Oral Nevi

Updated: Sep 12, 2022
  • Author: Kara Melissa Torres Culala, MD; Chief Editor: Dirk M Elston, MD  more...
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Practice Essentials

In 1943, Field and Ackermann described the features characteristic of intraoral nevi. [1] Oral melanocytic nevi are benign proliferations of nevus cells in the epithelial layer, the submucosal layer, or both. As such, they are classified as junctional, intramucosal, and compound nevi. Nevi may also be classified as congenital or acquired. Unlike their cutaneous counterparts, oral melanocytic nevi are rare.

Intramucosal nevi are typically light brown and dome-shaped. These are the most common type, accounting for 64% of all reported oral nevi. [2] Note the image below.

Intramucosal nevus on the lower lip. This brown pa Intramucosal nevus on the lower lip. This brown papule measured 0.6 cm in diameter and was only slightly raised. Melanotic macules are invariably flat.

The common blue nevus is the second most common type found in the oral cavity, accounting for 16.5-36% of all oral nevi. [3] Note the image below.

Blue nevus on the gingiva. This 1-cm saucer-shaped Blue nevus on the gingiva. This 1-cm saucer-shaped tan macule on the gingiva has histologic features consistent with those of a blue nevus, which is the second most common type of oral nevus. This location is atypical because most blue nevi occur on the palate.

Junctional and compound nevi are uncommon, accounting for only 3-6% and 5.9-16.5%, respectively. [2, 4, 5]

Rarer types include Spitz nevi, cellular blue nevi, congenital nevi, combined nevi, balloon cell nevi, epithelioid blue nevi, plaque-type blue nevi, halo nevi, and neurotized nevi. [6, 7, 8, 9, 10, 11, 12, 13, 14, 15, 16, 17, 18, 19, 20, 21, 22, 23, 24, 25, 26, 27, 28]  Dysplastic nevi have not been reported in the oral mucosa.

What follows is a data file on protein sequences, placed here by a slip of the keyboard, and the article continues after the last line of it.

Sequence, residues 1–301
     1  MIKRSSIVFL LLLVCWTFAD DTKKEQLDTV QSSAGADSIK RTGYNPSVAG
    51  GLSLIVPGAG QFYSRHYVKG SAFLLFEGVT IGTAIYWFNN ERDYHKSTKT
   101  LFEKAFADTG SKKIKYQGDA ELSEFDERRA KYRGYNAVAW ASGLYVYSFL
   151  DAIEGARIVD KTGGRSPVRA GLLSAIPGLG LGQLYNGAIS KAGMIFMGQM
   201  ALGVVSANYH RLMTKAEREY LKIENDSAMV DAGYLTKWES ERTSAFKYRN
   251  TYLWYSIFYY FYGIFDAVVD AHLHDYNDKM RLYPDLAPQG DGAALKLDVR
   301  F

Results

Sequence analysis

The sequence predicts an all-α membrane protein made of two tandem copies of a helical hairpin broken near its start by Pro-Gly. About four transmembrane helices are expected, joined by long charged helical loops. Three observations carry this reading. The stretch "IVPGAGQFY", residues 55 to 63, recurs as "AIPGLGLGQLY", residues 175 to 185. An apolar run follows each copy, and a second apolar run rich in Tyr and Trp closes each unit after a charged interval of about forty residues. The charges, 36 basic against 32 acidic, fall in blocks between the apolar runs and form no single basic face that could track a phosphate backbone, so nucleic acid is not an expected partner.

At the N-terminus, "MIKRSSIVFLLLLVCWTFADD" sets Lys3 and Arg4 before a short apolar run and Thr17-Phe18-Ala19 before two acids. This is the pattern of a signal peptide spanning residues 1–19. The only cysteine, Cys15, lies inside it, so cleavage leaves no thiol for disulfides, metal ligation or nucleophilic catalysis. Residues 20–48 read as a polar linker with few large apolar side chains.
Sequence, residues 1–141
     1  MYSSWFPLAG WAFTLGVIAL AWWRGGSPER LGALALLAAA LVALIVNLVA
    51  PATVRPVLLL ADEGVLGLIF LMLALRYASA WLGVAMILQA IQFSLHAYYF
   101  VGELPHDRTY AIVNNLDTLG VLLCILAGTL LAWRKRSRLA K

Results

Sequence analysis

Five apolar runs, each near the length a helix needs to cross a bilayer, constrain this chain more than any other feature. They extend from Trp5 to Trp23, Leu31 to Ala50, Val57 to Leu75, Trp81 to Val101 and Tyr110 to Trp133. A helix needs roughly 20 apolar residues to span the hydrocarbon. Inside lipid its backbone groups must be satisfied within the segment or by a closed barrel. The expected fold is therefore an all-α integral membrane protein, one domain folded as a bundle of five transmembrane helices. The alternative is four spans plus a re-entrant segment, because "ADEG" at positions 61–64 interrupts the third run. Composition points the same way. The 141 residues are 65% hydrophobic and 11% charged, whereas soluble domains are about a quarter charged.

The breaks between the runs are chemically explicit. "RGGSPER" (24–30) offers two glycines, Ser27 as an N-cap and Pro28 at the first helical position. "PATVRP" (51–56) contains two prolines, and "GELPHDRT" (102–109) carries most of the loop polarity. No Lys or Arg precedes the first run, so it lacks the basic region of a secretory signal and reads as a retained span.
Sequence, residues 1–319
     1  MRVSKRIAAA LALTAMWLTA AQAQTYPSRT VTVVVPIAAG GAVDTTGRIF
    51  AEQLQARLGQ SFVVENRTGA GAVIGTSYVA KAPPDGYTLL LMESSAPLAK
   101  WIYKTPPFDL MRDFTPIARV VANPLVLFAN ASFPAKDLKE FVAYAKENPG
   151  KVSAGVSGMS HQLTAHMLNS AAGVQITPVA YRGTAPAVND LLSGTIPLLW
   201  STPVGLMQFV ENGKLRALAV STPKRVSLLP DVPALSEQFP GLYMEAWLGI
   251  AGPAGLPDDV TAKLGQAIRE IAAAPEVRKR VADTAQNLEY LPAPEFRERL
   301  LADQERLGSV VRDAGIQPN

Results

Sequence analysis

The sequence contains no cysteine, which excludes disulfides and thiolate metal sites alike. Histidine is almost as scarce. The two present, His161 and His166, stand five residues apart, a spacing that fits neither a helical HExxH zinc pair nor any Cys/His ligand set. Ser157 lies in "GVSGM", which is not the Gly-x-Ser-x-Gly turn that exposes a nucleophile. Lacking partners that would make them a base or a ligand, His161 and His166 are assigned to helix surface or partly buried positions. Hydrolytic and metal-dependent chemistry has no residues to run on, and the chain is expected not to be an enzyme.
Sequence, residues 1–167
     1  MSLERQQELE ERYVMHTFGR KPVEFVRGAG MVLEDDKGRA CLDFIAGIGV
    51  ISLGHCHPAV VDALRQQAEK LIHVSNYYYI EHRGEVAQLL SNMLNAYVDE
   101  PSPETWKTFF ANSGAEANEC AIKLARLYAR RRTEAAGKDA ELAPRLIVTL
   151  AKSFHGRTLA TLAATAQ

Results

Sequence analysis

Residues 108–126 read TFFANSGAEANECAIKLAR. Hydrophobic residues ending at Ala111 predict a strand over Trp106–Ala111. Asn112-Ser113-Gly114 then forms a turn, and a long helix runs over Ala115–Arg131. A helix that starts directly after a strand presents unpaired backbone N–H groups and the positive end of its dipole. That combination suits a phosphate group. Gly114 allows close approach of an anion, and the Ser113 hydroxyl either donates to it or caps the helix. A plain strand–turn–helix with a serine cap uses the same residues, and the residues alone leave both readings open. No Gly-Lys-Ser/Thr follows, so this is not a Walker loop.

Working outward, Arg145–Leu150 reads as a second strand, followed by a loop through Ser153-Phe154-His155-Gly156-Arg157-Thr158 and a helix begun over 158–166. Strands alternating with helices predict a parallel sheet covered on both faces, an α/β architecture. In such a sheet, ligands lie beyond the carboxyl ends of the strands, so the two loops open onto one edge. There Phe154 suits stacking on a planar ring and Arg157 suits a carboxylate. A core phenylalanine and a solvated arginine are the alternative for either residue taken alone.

An analysis of 761 oral pigmented lesions in Brazil from 1974-2019 found that the majority (53.6%) were amalgam tattoos. Melanotic macule (18.3%) was the next most common type. [29]


Reports mainly based on case reports and case series have shown that the prognosis for oral melanocytic nevi is excellent. [30]  Only 1 case of recurrence, in a compound nevus, has been reported. [31]  No documented cases of malignant transformation were reported in a cohort of intraoral nevi with up to 2-8 years of follow-up; however similar clinical presentations with its malignant counterparts put patients at risk, hence histologic sampling is essential in all oral melanocytic nevi, especially when located in the palate, the most common site of oral melanoma, to exclude and presumably prevent such transformation. [21, 30, 32, 28]

Although overall considered "benign", among all the types of oral nevi, one must carefully follow up cases of mucosal cellular blue nevi as these have been reported to have a 5.2-6.3% chance of malignant transformation. [28]

Patient education

Patients should be instructed to observe and report any lesion in the oral cavity, especially those that change in size, that change in color, have nodularity, bleed, and/or ulcerate.

Signs and symptoms

Most oral nevi are solitary and asymptomatic. Congenital melanocytic nevi are present at birth or appear shortly after. Acquired melanocytic nevi begin to appear in early childhood. The lesions are usually detected as an incidental finding on routine dental examination.

Of patients with recorded complaints, 22% described a mass, growth, or pigmented spot. [33]  A minority of patients complained of soreness or pain related to another cause, such as an ill-fitting denture. Less than 1 in 10 patients were aware of evolving lesions. Most patients could only speculate about the duration of their condition.

Also see Physical Examination.